• Describe the kind of workplace environment you need to be engaged in your work.
  • What do you feel is your greatest expertise? What do you enjoy the most? What’s your strongest attribute in relation to this position?
  • Where do you see your career heading in the next 5 years?
  • If you’re interested in this job, we will need to check your W-2s. What has your compensation been in your last 2 positions? What are you currently making? Can you break that down for me, in salary, benefits, etc.? What’s the minimum salary you need in a new position? (Tip: Don’t reveal a specific compensation for the position at this point. Later, you will be negotiating this with your final candidate taking into account many factors, some monetary and some not.)
  • Tell me about the best manager you ever had.
  • It looks like you live in ____. What do you think the drive in traffic would be like from there? Have you had a commute like that before? (Or, I see that you’ll need to relocate from ____. What’s your current situation? How many people will you be moving? How soon would you be available?)
  • Are you interviewing anywhere else? Are you entertaining any other job offers?
  • Will you agree to be drug tested and let us run checks on criminal background, references, and educational background?

At any point in your telephone screens, you will likely receive responses that remove certain candidates from the running. When this occurs, let them know that you have other candidates who are more qualified, more experienced, or a better fit for the position, and thank them for their time. If it’s true, you can also say that you’ll keep them in mind for another position. Or, if your qualified candidate pool is skinny, you could ask them to refer a friend or colleague who might be a better fit.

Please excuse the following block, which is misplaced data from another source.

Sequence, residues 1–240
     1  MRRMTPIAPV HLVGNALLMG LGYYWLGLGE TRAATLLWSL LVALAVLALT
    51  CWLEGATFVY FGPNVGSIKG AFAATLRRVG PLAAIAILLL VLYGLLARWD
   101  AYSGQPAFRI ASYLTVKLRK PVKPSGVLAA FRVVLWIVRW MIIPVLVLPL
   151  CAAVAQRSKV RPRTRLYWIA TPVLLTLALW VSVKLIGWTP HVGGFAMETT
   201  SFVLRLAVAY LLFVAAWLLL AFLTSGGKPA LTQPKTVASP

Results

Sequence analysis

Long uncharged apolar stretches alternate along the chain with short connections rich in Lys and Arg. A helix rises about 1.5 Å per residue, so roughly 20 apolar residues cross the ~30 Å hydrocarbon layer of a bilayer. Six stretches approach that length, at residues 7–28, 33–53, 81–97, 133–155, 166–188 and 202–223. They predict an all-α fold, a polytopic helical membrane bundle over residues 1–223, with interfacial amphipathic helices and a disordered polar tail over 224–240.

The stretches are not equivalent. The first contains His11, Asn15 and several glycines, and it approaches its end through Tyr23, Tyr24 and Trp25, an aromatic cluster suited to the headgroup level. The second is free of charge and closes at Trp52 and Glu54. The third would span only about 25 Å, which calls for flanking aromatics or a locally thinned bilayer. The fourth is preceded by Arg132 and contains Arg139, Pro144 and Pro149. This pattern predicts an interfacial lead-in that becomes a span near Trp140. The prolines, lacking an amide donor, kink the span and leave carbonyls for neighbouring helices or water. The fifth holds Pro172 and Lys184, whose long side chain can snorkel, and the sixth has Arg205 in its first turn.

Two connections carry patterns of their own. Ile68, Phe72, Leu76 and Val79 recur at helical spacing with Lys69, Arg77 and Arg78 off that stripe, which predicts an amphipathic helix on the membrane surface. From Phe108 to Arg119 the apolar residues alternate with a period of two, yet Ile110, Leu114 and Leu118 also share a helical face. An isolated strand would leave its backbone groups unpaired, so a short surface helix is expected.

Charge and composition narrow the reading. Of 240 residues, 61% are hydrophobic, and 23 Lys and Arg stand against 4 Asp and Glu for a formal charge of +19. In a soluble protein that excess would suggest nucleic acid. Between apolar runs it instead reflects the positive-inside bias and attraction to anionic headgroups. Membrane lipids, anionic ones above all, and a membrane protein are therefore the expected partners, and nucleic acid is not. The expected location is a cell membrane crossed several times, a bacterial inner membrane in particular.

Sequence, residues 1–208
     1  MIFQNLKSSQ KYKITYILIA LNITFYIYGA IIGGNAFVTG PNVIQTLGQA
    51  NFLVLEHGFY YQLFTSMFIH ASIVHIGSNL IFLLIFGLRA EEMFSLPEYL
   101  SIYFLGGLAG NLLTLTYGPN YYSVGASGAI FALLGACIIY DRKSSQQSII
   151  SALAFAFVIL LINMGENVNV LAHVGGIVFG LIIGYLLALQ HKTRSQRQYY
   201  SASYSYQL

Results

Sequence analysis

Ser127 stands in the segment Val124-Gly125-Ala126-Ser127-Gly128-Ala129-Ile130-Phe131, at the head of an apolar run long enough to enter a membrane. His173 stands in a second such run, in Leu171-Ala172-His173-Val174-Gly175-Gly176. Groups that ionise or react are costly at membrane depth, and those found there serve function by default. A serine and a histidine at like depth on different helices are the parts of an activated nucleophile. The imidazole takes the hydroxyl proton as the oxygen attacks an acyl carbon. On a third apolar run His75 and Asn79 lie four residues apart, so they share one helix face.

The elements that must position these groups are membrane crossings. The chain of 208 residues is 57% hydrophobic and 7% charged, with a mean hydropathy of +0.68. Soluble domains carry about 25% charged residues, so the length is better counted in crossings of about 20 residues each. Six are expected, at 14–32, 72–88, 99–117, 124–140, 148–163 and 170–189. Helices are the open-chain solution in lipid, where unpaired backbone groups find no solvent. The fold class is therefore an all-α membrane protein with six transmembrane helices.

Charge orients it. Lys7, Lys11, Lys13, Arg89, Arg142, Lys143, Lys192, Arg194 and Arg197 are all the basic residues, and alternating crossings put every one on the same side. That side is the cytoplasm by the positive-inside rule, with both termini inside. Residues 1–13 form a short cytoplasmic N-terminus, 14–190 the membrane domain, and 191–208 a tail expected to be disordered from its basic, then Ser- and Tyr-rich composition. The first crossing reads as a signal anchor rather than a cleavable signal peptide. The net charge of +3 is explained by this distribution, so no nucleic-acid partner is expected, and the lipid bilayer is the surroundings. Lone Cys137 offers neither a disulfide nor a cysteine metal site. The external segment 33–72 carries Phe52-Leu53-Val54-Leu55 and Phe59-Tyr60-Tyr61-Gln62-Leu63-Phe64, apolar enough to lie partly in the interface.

Candidate Questions. After you’ve completed your questions, invite candidates to ask any questions they may have about the open position. Consider this an additional opportunity for you to learn what motivates or is important to them, and note whether this new information contributes to or detracts from their fit for the job. You may want to go into more detail about the duties and expectations of the position. It’s also wise to share, not just what makes your company great to work for, but any negative aspects of the job so the candidate has a fuller picture of what to anticipate.

Next Steps. If the telephone screen has gone well, you’ll want to ask, “How soon are you available for an in-person interview?” Verify their contact information, then let them know what your next steps will be in the interview process and when you’ll get back to them. Many candidates are disheartened to never hear back from potential employers, so be compassionate and let them know either way, even if it’s just through a graciously worded email.

To complete the call, thank candidates for giving you their time. Remember that every interaction you have with a candidate is a marketing event. If your courteous treatment leaves them with a great impression of your company, even those who end up not being selected will hopefully speak highly of your company, possibly fill a future position with your company, or later refer someone who is a better fit.

Once you’ve hired your new employee, you can give them a great start with these tips on creating a performance acceleration tool!